Zo'la, a town on the upper Benue (q.v.).


Zomba. See Nyassa.


Zombor (z as tz), a royal free town of Hungary, capital of the district of Bacs, 42 miles NE. of Essek by rail. Pop. 29,435.


Zorndorf (z as tz), a Brandenburg village, 5 miles N. of Kustrin, where, on 25th August 1758, Frederick the Great defeated the Russians.


Zoutpansberg ('salt-pan Mountain'), a ridge of mountains (3000-4000 feet) in the north-east of the Transvaal, which is a continuation of the Drakenberge (q.v.).


Zschopau (Tcho'pow), a town of Saxony, 15 miles SE. of Chemnitz by rail. Pop. 9869.


Zug (Tzoogh), the smallest of the Swiss cantons, with an area of 92 sq. m. and a pop. (1900) of 25,045 - German-speaking and Catholic - Zug, the picturesque mediaeval capital, lies at the NE. end of the Lake of Zug(8 3/4 x 2 1/2 miles; 1368 feet above the sea; 1320 deep), 24 1/4 miles S. of Zurich by rail. Eleven persons were killed here in July 1887 by the fall of thirty houses into the lake. Pop. 6470.


Zululand, a British protectorate of 8900 sq. m. north of Natal, from which it is separated by the Tugela River, and extending to the coast at St Lucia Bay. It is well suited for agriculture and cattle raising; gold is worked; and silver, lead, copper, tin, asbestos, and coal are found. The protectorate is but a small part of the country (now largely absorbed in the Transvaal) ruled over by the warlike Zulus, a Kaffir tribe. War was declared between Britain and their chief Cetewayo in 1878, the chief features of which were the British disaster of Isandula (22d January 1879), the heroic defence of Rorke's Drift, and the British victory of Ulundi (4th July 1880). After difficulties with the Boers, what remained of Zululand was declared a British protectorate in 1887, and in 1898 it was made an integral part of Natal. See books by Jenkinson (1882), Miss Colenso (1885), Tyler (1892), and Gibson (1904).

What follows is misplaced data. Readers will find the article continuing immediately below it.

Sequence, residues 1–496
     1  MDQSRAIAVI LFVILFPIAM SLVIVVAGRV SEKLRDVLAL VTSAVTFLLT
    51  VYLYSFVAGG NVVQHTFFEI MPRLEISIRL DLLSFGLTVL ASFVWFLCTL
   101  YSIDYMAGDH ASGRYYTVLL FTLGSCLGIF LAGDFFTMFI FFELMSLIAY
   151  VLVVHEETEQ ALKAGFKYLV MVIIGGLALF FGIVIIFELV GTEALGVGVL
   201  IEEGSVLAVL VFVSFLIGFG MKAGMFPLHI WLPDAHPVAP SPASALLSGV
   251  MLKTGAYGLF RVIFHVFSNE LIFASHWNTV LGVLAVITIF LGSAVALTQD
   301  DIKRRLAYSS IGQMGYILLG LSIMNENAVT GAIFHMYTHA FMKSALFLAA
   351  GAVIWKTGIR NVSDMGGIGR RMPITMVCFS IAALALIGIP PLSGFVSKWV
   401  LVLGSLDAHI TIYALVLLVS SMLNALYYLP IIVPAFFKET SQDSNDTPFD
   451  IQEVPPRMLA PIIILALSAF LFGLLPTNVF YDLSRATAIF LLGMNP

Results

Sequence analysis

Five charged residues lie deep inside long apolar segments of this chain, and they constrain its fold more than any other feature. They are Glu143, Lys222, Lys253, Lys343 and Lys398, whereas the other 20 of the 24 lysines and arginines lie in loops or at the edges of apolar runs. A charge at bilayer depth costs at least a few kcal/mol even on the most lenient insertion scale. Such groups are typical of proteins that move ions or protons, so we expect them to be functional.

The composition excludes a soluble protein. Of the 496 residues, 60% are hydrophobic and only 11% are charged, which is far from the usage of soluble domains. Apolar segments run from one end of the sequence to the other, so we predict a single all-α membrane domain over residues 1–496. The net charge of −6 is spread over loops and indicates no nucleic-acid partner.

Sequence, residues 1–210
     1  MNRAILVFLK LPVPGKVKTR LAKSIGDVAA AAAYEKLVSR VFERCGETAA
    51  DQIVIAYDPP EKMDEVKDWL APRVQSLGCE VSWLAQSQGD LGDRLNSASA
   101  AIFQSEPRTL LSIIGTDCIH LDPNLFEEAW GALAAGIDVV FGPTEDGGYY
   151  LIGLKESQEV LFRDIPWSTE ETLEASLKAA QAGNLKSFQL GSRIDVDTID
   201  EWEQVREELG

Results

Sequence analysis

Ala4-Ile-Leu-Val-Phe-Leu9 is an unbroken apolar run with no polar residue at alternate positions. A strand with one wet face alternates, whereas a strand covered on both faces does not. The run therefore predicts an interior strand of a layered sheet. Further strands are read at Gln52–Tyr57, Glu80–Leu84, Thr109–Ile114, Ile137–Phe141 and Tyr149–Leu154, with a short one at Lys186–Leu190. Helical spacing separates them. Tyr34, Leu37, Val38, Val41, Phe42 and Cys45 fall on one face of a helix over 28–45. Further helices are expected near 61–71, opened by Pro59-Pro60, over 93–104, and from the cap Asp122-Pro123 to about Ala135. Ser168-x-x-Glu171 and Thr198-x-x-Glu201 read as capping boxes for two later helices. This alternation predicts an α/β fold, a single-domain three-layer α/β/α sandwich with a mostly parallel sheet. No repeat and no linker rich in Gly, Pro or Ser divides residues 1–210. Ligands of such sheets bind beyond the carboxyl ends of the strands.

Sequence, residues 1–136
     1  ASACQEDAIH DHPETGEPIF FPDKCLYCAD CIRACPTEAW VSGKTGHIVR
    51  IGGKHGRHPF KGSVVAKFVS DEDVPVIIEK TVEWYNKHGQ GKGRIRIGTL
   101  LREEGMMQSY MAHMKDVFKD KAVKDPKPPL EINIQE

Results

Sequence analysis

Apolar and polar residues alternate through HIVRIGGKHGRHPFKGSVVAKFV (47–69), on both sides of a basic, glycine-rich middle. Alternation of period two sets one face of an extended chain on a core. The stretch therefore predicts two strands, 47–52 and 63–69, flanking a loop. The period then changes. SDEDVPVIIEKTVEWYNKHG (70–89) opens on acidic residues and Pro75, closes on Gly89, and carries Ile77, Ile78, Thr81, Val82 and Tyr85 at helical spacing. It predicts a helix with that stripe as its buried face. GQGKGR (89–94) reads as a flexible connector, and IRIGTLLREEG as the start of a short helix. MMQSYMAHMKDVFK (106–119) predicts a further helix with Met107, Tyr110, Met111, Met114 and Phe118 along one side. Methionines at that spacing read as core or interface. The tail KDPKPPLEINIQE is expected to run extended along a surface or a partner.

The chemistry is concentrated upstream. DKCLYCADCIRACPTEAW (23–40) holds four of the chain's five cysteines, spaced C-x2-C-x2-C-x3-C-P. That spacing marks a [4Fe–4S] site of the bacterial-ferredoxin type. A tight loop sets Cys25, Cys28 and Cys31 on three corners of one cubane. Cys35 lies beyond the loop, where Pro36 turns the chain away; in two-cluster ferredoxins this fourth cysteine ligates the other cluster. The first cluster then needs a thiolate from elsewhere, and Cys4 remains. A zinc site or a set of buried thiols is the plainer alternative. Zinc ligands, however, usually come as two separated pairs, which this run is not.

Zumbo. See Zambesi.


Zunga'ria, or Dzungaria, a high mountain region of Chinese Tartary, between the Tianshan and the western Altai Mountains. Originally the country of the Zungars, a Kalmuck people, it is now inhabited by Dungans, Kalmucks, Chinese, and Kirghiz. It contains the sources of the Black Irtish and the IIi. See Kulja.


Zut'phen, a town in the Dutch province of Guelderland, on the Yssel, here joined by the Berkel, 18 miles NNE. of Arnhem by rail. Of buildings the chief are the Great Church (1103; restored 1857) and the 'Wijn Huis tower. At Rysselt, 3 miles N., is a boys' reformatory (1851). Zutphen has manufactures of paper, oil, leather, etc. It has been several times besieged; and in a skirmish on the field of Warnsfeld, to the E., Sir Philip Sidney received his death-wound, 2d October 1586. Pop. 18,400. Zuyder Zee. See Zuider Zee.


Zvenigorod'ka, a Russian town 100 miles S. of Kieff; pop. 16,350.